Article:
It was a memorable day, beginning with testimony by Frank Brown, Grace Brown’s father and including testimony by Ada (Brown) Hawley (Grace Brown’s sister), Carrie Wheeler (Grace Brown’s landlady), Noah H. Gillette (Chester Gillette’s uncle, the owner of the skirt factory), and Harold R. Gillette (Noah’s son, Chester’s cousin); from factory employees; and from Albert B. Raymond, who, a few weeks before Grace Brown was drowned by Gillette, had rented a boat to Chester Gillette at an outing by Gillette and Grace Brown near Cortland (where the skirt factory was located) and noticed after they returned that Grace was in tears.


Washington Post, November 20, 1906

‘Gillette Faces Jury’ (father testifies; Harriet Benedict mentioned) – Washington Post 11-20-1906


Adirondack News, November (20?), 1906

1 ‘Probing Girl’s death (Harriet Benedict mentioned) – Adirondack News, November 1906

3 ‘Probing Girl’s death (Harriet Benedict mentioned) – Adirondack News, November 1906 (2)


trial transcript

Gillette trial testimony 11-19-1906


posted by Roger W. Smith

  November 2021

review of Theodore Dreiser, “Dawn” – New Masses


John Herrmann review of Dawn – New Masses, September 1931


posted here:

review of Theodore Dreiser, Dawn

reviewed by John Herrmann

New Masses

September 1931

pg. 19


Note the mention of Heywood Broun. In a contemporaneous article, it was stated:

It’s really embarrassing. When one the great fixed stars of the bourgeois heavens suddenly forsakes its accustomed course and goes off on a tangent. what are the high-priests of bourgeois society to do:? They do what the world of exploiters and sycophants has always done: they declare that the star was never anything but a minor satellite of insignificant magnitude, that its efforts to attract attention are indeed pathetic, etc., etc. In other words, they do what the high-priests of the bourgeois literary world are now doing in the case of Theodore Dreiser. Led by the “socialist” buffoon, job racketeer, white chauvinist and dean of the Hotel Algonquin poker players, Heywood Broun, the literary medicine-men are desperately trying to exorcise the evil apparition of the new Theodore Dreiser—the Dreiser who denounces lynchers and coal operators and A. F. of L. betrayers—by the simple process of declaring that Dreiser, the great American novelist, does not and never did exist. Thus, in his latest diatribe against Dreiser, Broun writes: “Theodore Dreiser is an excellent novelist of the second class” (N. Y. World-Telegram. August 7, 1931). Broun is charitable—he concedes Dreiser second-class rating. It’s too bad that Dreiser isn’t content with this second-class rating that Broun has given him, but has indulged in a lot of “posturing and passion for publicity.” This about a man who most of his life worked in obscurity, suffering poverty and official persecution, who has shunned the bright lights of the fashionable literary and art world, who has almost a pathological aversion to appearing in public. That’s putting it on a little thick—especially when it comes from one of the cheapest publicity hounds that ever got his name into print.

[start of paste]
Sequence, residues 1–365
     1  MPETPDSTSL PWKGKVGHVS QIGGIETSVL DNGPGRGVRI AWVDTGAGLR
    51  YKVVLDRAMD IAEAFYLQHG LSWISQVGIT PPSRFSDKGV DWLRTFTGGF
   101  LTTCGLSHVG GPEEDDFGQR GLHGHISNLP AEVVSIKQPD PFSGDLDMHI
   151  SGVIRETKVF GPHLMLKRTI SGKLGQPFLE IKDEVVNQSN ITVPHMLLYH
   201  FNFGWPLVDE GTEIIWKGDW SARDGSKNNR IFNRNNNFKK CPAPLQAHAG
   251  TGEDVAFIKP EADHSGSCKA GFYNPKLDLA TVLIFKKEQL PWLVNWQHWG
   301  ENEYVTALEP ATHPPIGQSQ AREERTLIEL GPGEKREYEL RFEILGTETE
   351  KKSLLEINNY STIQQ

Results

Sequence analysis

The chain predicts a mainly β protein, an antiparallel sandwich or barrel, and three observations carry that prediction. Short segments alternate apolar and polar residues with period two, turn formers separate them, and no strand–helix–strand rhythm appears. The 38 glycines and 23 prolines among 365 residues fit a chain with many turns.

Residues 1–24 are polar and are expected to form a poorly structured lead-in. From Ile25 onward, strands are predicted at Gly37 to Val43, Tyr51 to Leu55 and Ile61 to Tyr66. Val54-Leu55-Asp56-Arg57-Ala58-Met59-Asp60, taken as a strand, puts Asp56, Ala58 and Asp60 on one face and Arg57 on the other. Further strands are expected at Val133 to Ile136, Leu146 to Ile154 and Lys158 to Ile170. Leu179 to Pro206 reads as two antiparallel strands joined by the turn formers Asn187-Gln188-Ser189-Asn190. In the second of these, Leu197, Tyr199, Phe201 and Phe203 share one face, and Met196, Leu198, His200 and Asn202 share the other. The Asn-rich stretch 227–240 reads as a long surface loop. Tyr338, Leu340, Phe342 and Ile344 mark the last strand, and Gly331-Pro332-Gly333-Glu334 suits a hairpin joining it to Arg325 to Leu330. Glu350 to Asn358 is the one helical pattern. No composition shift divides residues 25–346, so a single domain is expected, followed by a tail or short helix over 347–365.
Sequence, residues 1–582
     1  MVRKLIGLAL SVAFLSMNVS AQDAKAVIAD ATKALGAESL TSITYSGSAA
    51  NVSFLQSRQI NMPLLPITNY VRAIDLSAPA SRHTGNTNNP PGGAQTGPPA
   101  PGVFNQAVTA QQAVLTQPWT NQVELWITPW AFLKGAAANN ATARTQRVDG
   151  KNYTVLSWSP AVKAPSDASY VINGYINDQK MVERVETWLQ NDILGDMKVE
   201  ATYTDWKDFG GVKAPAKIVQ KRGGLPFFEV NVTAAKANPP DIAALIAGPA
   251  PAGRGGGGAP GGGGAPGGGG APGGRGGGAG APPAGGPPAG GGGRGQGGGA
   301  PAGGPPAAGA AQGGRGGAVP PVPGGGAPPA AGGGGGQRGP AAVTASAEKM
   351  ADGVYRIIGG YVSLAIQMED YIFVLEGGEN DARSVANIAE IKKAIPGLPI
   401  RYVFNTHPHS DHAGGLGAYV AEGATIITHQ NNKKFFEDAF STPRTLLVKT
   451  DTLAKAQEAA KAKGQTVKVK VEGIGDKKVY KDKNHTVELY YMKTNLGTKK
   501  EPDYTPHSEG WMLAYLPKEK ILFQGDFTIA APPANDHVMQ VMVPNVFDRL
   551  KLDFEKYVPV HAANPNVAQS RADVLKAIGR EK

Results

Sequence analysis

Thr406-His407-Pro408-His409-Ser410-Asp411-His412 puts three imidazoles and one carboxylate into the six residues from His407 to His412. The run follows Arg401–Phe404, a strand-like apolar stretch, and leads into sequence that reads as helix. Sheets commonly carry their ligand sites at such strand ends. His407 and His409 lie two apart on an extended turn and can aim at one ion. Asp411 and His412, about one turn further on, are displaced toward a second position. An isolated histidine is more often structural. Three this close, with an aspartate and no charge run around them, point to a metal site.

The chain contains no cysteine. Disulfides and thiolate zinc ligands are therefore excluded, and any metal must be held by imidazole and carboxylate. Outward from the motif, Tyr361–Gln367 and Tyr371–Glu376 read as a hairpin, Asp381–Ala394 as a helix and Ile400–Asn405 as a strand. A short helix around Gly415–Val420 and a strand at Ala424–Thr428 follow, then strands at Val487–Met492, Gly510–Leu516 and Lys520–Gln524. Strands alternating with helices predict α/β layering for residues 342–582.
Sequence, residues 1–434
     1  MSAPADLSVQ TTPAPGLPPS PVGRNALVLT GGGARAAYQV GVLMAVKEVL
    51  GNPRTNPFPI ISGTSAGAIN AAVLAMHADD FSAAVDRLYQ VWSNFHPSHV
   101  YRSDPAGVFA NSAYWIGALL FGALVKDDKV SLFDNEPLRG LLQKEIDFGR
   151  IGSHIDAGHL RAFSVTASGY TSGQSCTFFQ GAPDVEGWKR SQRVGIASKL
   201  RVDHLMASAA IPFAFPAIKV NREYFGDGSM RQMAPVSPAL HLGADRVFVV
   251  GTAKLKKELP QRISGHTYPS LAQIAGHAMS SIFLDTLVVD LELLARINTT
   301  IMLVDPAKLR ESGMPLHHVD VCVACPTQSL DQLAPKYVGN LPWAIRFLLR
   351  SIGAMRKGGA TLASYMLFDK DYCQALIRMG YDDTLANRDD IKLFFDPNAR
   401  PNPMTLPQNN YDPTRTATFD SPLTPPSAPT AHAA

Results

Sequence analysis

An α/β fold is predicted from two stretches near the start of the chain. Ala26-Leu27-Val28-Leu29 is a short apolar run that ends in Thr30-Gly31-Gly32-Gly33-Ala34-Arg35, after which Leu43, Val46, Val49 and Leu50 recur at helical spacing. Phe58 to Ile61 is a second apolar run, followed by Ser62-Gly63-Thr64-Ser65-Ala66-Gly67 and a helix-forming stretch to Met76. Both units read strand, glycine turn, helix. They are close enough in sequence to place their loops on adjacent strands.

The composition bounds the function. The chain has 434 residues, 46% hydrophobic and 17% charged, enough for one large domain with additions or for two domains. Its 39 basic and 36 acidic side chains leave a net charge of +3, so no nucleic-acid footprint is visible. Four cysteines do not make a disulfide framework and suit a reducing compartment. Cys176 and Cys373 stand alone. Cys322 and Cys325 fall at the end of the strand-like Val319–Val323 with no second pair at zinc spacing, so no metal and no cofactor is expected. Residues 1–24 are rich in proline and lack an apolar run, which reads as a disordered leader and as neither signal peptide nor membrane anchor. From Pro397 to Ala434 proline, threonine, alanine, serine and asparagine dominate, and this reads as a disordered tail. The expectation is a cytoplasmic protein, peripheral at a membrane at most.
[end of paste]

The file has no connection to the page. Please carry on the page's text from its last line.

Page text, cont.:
That Bill Green, president of the A. F. of L., attacks Dreiser is only to be expected. Green is defending his class interests (the interests of the bourgeoisie) and his functional role as a strikebreaker and betrayer of the workers. But what of the literary gentry, those lofty souls who are always so keen about keeping politics out of ‘art”? Dreiser has committed the unpardonable sin; at an age when he should know better he has attacked the foundations of capitalist society, he has aligned himself with dangerous outlaw elements—“Reds,” Communists; he has raised his voice for the working class and against the capitalist class. And suddenly: his books are awful, he never could write, he’s only a ham, etc. The literary birds of prey (most of whom were only yesterday singing his praises) are busily pecking away.